Monday, January 31, 2011

Stuff That's Simmering

When pieces are in the Not Quite Ready for Sharing category, they sit in the living room where we can walk by them a throughout the day and evening. They are also positioned so that when I work out, I can study them. It's a little like letting the turkey rest when you take it out of the oven, except that you can put the painting back into the oven, so to speak, if it's not quite done.

Sometimes, after a few days, a glaringly obvious problem will appear. If that doesn't happen, I'll turn the piece upside down to see if I missed anything. At some point, the piece returns to the studio for rework or a coat of varnish.

This is one of the pieces I brought down from the studio. What you don't see in this earlier version is the addition of a hawk. The hawk is critical to this painting and it took quite a bit of the time to add it. It could be the crowning touch or the reason I cover the painting over with whatever is left on my palette to begin again. Adding elements like the hawk can destroy a painting, taking it from a wonderful expression to a smaltzy piece of crap—like adding the teardrop to the kitten with the big eyes (not that there is any hope of wonderful expression in that example).

So, it sits and we debate, "Does the hawk work or does it look stupid?" The consensus this morning is that it works, but needs a minor tweak or two. I need to think about how I'm going to tackle that for a few days though.

Trickster spent many days, two or three times in the Viewing Area. I looked and looked at this painting. This fellow did not want me to capture his likeness. I struggled and repainted parts of him several times. It's funny that I did not give up and wipe him away. I guess I wanted to beat the trickster and show him that I could capture his likeness. He now lives with our friend Bob, so he's not too far away.

Have you ever struggled with something long after you would have normally given up? What do you think prompted you to go on?

Saturday, January 29, 2011

Trail Camp at Sunrise

This is one of the more iconic views from the trip: the needles to the south of Mt. Whitney as seen from Trail Camp. We spent two nights at Trail Camp, which sits at an elevation of about 12,000 feet. It is as barren as the face of the moon and has a stark beauty about it that will stay with me always.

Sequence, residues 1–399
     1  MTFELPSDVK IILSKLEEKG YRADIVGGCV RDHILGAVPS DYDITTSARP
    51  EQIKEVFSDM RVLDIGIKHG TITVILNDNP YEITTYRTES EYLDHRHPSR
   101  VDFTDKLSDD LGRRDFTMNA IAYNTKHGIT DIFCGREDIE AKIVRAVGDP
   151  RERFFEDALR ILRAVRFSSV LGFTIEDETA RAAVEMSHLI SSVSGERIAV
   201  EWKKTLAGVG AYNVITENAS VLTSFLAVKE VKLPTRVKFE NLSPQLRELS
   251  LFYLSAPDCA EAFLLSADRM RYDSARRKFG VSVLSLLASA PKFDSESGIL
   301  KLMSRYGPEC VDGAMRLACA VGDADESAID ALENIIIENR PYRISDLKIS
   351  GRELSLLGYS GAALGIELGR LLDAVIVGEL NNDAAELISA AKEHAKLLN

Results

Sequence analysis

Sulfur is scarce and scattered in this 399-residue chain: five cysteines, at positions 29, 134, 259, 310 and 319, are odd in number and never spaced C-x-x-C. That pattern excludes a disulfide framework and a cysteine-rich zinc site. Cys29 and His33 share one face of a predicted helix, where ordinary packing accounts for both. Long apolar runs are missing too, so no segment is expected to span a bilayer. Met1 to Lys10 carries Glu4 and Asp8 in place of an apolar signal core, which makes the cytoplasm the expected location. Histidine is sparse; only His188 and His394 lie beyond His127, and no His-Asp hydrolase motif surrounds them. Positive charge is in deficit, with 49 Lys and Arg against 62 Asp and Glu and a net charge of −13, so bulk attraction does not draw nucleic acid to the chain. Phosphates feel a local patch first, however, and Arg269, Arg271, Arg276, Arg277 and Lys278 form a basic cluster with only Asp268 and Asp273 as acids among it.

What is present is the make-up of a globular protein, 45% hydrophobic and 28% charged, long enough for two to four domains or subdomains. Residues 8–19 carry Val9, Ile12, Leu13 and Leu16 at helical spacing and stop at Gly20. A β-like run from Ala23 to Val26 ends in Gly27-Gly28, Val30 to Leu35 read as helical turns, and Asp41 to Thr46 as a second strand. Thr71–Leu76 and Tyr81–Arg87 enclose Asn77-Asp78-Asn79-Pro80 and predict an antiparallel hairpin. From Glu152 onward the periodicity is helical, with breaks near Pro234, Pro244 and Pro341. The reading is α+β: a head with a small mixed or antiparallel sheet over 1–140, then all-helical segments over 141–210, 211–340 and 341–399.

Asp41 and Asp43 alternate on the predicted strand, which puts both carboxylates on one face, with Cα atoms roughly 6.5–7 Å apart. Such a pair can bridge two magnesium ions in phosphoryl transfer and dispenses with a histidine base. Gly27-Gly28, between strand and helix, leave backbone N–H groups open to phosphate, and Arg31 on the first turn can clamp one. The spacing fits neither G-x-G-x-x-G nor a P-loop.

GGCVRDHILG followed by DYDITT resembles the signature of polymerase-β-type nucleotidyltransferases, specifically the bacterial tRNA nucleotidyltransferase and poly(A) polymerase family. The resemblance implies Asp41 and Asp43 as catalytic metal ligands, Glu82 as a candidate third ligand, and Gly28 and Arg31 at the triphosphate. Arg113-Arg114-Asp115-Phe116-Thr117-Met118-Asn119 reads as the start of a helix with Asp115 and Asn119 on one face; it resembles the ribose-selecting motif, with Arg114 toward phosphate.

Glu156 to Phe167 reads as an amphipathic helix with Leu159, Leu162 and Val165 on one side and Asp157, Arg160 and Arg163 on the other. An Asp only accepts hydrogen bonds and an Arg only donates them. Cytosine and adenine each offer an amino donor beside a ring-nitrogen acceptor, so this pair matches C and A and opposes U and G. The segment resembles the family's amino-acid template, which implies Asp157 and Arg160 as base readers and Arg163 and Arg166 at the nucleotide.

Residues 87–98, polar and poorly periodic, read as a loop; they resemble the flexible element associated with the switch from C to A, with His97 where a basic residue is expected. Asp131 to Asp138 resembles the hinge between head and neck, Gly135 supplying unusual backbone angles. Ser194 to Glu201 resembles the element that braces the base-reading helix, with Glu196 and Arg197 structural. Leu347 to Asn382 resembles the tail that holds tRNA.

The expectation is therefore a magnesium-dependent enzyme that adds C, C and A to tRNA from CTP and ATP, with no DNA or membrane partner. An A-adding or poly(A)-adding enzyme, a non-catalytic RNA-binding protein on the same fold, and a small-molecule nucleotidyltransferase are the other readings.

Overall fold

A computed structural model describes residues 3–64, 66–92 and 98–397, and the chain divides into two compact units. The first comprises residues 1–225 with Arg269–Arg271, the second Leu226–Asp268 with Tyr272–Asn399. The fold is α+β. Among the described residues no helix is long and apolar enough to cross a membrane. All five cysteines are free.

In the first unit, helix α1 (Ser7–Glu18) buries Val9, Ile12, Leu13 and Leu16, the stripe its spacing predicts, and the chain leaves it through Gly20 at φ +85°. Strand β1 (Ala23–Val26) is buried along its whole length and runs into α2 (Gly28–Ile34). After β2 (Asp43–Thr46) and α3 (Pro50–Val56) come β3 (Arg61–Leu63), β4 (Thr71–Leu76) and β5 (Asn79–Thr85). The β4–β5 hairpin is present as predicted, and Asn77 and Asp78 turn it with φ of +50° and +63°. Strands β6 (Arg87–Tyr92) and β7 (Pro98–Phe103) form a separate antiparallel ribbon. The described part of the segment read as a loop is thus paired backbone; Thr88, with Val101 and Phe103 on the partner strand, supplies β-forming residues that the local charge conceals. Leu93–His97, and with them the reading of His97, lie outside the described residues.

The sun rising on the needles is an amazing symphony of color. Even before the sun peeks up over the horizon, there is a warm, coral alpenglow. Then, as the light gets stronger, the color heats up to a fiery orange. When the sun is fully in the sky, the bright spires become the color of bleached bones that have lain in the sun for a million years.

Have you ever been somewhere that you know will remain etched in your memory forever? Where was it? Why were you there?

This painting is acrylic on canvas. It is 18" X 24".

The Year Ahead

This is going to be an interesting art year. I've already completed two pieces with another three in the works. And hey, it's not even the end of January! This year is going to be all about Mt. Whitney.

For the three people I haven't told, in September of 2010, I climbed Mt. Whitney with my sweet husband and two other dear friends. It was a big deal. I want to keep it fresh in my mind for the rest of my life. So I'm doing that in two ways: writing about it and painting about it. You'll get both those things here. The stories and the art the trip inspired.

Welcome to my art place

I have finally overcome the procrastination beast and created a place to share my artwork. So, for all of you who have been asking to see my work, here it is.

I'll share a few favorites—some that have found new homes—some that have not—along with my ongoing painting journey, so you can see new pieces as I complete them. You'll find out a little about how each painting was inspired and how it came to be. And, there may be some general ramblings on art.

There's a side benefit to this activity: my work will be photographed on a regular basis. I'll bet there are a hundred paintings I've finished, sold, and never seen again. Occasionally, I'll visit someone and see a painting that I've completely forgotten I ever painted.

Hmm. I did that? That's a pretty good painting. Too bad I don't have my camera with me...

If you live too far away to come to my annual show, you'll finally get to see my work. If you live close, you'll get a pre-show preview. And, if you've never come to my show, (yeah, sure she's an artist), maybe this will get you here for the next one in November.

Stay tuned,